At sentencing for an 84-year-old nun and two fellow Catholic peace activists who stole onto the grounds of the “Fort Knox of uranium,” the judge seemed to struggle with how harshly he should treat protesters who authorities say never posed any serious national security threat.
Judge Amul Thapar acknowledged the trio sincerely held their religious beliefs, but also said at Tuesday’s sentencing that those beliefs provided no excuse for breaking into the Y-12 National Security Complex in Oak Ridge. The complex is the nation’s primary storehouse for bomb-grade uranium.
Sister Megan Rice was sentenced to just under three years in prison, while Greg Boertje-Obed (bohr-CHEE’ OH’-bed) and Michael Walli each received sentences of just over five years. The sentence appeared to be a compromise, less than what the government sought but more than what defense attorneys had hoped for.
During a hearing that lasted for hours, Rice and her co-defendants said they believe it was a miracle from God that let them penetrate the complex and arrive at the most secure portion of the facility before being detected.
“I was acting upon my God-given obligation as a follower of Jesus Christ,” Walli, 65, said. “I make no apology. I have no sense of remorse or shame. I would do it again.”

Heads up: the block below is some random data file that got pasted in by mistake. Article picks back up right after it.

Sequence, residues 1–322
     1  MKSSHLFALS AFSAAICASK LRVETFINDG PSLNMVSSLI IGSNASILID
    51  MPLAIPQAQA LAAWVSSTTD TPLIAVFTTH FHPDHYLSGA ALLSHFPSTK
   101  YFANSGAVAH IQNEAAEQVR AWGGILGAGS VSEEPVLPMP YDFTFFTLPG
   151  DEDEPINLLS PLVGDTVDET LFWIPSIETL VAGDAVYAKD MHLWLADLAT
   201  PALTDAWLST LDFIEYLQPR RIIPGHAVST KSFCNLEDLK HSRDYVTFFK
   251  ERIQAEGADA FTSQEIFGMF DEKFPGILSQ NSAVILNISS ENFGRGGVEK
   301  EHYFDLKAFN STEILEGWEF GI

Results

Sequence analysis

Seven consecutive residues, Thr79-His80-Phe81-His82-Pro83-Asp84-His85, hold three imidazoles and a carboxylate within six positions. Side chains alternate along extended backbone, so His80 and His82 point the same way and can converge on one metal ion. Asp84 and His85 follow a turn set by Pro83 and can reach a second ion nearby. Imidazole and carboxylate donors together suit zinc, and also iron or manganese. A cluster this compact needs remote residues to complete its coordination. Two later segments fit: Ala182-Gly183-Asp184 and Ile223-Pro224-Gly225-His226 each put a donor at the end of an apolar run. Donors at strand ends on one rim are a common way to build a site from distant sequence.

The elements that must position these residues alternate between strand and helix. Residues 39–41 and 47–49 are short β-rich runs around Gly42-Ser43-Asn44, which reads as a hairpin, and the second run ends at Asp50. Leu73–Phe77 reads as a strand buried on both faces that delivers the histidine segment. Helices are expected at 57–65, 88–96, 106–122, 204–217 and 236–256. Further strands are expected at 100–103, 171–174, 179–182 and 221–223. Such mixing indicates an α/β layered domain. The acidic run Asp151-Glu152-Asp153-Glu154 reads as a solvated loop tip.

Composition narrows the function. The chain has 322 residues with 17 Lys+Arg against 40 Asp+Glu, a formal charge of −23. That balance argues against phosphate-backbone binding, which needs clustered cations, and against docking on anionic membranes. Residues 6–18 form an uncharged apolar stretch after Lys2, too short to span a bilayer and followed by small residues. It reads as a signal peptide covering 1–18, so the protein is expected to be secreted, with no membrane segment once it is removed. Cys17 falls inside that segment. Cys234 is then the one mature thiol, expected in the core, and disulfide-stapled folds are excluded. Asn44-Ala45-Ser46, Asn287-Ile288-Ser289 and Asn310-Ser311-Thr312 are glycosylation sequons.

All three will spend three years on supervised probation once released. They also were ordered to jointly pay nearly $53,000 in restitution to the government for damage to an exterior wall of a bunker at the complex.
On July 28, 2012, the three activists cut through three fences before reaching a $548 million storage bunker. They hung banners, strung crime-scene tape, splashed blood on the wall and painted slogans on the side of the Highly Enriched Uranium Materials Facility.
Although officials said there was never any danger of the protesters reaching materials that could be detonated or made into a dirty bomb, the break-in raised security questions at the complex and the security contractor was fired.
The facility has been called the “Fort Knox of uranium,” and prosecutor Jeff Theodore argued at sentencing that part of the damage inflicted by protesters was to the complex’s mystique.
Boertje-Obed, 58, said the best deterrent to further anti-nuclear actions like his would be for the U.S. government to begin abiding by the Nuclear Non-Proliferation Treaty, a global agreement meant to limit the spread of nuclear weapons.
Rice said the nine months she has spent in jail awaiting sentencing opened her eyes to the suffering of prisoners, many of whom she called victims of an economic system that invests in weapons instead of people. She also said the true criminals are those who produce and protect nuclear arms.
She asked the judge for permission to let a short song be sung “to lighten the atmosphere.” He agreed, and she turned to a gallery overflowing with supporters and directed them in singing, “Sacred the land, sacred the water, sacred the sky, holy and true.”
Thapar said the defendants’ many good works throughout their lives deserved consideration in their sentencing. Rice became a sister in the Society of the Holy Child Jesus at the age of 18 and served for 40 years as a missionary in western Africa teaching science.
Walli served two tours in Vietnam before returning to the U.S. and dedicating his life to peace and serving the poor. Boertje-Obed also served in the Army before committing himself to a life of service and peace.